Putting HIV positive people on medication earlier and using PrEP as a barrier against the virus is working, according to researchers in San Francisco.

PrEP is the ongoing use of mediation in HIV negative people to dramatically reduce the risk of contracting HIV during sex without a condom.

Along with condom use, the multi-pronged attack is reducing the risk of transmission and improving the health of those who become positive.

There were 302 new HIV diagnoses reported in San Francisco in 2014, the number of new HIV diagnoses in the city has declined between 2007 and 2011, stabilised in 2012, and continued to decline in 2013 and 2014.

The San Francisco AIDS Foundation stated earlier this year that “early treatment gives people better health outcomes, that treatment equals prevention, and that PrEP works”.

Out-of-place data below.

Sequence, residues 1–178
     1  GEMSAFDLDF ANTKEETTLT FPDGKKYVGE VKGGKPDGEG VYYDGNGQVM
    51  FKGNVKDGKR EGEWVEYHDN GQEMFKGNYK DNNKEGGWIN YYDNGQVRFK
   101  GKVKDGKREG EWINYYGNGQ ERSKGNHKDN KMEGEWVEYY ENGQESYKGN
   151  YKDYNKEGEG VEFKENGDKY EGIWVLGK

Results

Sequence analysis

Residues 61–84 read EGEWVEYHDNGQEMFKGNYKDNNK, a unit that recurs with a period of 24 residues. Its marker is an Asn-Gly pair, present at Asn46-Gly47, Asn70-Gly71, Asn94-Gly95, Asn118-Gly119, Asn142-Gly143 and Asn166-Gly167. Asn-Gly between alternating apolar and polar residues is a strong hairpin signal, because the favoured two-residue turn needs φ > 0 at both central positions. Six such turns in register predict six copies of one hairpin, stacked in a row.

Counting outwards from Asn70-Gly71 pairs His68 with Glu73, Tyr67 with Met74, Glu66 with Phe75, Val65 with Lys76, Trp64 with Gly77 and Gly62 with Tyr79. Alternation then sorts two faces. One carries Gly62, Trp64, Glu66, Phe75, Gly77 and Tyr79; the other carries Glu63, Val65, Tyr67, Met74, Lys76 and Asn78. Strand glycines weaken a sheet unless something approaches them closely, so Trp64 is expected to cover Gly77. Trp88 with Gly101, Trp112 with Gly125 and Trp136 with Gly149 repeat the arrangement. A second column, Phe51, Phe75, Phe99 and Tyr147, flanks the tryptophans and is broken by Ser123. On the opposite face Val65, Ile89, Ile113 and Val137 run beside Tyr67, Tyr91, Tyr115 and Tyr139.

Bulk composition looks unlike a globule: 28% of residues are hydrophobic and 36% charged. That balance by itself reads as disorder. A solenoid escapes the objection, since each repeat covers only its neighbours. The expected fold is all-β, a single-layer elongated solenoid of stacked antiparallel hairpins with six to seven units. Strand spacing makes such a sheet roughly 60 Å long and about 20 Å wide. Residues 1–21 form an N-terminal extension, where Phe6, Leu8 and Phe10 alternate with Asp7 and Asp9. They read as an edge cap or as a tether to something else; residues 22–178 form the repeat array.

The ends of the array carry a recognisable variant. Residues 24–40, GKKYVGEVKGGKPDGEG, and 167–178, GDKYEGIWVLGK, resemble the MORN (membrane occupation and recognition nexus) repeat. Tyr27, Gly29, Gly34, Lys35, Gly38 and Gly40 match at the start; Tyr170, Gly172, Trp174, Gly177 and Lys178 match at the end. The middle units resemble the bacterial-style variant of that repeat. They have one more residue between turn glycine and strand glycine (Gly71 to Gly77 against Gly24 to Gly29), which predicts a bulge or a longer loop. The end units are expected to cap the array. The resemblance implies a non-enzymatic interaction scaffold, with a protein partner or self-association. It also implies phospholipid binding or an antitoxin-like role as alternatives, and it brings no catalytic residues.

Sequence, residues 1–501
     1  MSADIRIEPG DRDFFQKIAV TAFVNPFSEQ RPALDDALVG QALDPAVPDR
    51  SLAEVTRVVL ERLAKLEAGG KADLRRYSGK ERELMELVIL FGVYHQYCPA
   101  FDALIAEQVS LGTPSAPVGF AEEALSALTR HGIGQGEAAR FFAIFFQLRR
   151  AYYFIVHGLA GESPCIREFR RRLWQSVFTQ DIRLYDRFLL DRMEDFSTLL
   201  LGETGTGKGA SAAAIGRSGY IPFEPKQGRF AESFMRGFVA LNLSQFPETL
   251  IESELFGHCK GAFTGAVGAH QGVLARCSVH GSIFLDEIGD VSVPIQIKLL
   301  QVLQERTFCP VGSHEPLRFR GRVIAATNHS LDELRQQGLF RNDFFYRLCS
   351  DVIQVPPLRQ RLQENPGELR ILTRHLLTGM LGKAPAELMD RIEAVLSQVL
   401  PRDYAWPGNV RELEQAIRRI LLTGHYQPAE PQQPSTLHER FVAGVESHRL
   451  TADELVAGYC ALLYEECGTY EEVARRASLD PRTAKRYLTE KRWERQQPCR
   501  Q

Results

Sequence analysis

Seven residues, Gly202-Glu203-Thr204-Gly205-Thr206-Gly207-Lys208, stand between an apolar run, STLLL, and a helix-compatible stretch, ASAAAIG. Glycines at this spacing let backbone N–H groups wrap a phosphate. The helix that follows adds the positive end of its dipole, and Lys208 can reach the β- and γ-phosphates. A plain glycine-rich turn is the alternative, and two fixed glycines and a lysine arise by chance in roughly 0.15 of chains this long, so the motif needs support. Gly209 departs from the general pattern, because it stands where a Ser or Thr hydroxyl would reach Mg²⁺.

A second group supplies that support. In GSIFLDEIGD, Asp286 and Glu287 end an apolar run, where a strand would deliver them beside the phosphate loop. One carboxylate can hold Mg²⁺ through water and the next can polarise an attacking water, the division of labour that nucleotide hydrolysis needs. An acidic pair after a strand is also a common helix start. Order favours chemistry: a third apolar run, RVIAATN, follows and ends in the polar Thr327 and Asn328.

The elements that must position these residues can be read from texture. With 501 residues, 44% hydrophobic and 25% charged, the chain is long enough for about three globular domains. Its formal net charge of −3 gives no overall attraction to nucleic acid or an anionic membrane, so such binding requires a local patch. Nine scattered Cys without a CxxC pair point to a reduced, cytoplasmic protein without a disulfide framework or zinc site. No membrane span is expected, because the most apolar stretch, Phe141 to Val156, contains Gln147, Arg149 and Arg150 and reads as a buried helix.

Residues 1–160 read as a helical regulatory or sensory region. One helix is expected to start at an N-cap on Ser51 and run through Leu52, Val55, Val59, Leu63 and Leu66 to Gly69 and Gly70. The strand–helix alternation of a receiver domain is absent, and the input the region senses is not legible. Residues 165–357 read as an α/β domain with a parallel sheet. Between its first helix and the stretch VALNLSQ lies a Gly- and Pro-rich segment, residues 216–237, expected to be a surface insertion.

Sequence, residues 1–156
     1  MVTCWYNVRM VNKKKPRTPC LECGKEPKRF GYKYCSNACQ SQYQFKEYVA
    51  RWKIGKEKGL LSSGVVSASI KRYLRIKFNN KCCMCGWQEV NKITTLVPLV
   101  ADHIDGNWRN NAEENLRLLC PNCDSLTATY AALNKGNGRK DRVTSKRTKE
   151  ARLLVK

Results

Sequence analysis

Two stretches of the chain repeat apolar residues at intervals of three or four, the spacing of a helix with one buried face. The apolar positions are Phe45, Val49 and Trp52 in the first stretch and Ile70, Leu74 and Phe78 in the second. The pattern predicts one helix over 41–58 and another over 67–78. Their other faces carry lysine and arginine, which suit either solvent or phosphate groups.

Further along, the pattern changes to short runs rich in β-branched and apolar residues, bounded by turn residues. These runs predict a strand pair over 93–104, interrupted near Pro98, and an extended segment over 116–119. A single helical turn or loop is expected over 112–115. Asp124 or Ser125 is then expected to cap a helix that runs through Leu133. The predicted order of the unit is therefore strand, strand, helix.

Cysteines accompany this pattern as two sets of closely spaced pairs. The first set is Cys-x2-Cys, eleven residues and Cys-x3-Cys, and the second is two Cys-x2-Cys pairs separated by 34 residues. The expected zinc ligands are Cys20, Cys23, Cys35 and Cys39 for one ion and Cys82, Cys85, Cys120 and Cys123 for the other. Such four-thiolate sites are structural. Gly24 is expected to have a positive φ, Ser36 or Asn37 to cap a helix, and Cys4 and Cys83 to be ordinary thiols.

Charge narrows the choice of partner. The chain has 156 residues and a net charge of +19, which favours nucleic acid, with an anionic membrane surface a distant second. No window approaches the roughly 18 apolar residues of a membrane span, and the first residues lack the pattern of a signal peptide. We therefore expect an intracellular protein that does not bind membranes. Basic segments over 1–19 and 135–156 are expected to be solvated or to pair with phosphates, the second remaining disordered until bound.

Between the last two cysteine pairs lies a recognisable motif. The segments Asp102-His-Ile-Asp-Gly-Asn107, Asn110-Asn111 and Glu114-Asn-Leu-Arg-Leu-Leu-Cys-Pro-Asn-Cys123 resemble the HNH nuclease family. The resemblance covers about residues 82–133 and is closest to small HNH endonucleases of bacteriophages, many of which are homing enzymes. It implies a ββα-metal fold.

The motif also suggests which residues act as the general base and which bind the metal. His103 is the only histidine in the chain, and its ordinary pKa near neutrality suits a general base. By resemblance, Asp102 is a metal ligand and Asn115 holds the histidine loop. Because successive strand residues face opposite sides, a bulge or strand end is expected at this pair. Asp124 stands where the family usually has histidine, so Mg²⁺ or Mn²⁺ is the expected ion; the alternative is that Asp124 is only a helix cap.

The Foundation recommends: “Full access to comprehensive PrEP services for those whom it is appropriate and desired, with support for medication adherence for those using PrEP.”

Although doctors showed some resistance to putting HIV positive people on medication before their CD4 cell count fell below a certain level, the World Health Organisation is now advocating anti-retroviral therapy as soon as people become positive, regardless of cell count.

The HIV Foundation Queensland is currently conducting a year-long study into PrEP, specifically to see how gay men adhere to the medication and how it can best be distributed across the state.

Dr Anthony Fauci, director of the National Institute of Allergy and Infectious Diseases, told the New York Times: “I love the San Francisco model”.

“If it keeps doing what it’s doing, I have a strong feeling that they will be successful at ending the epidemic as we know it. Not every last case—we’ll never get there—but the overall epidemic. And then there’s no excuse for everyone not doing it.”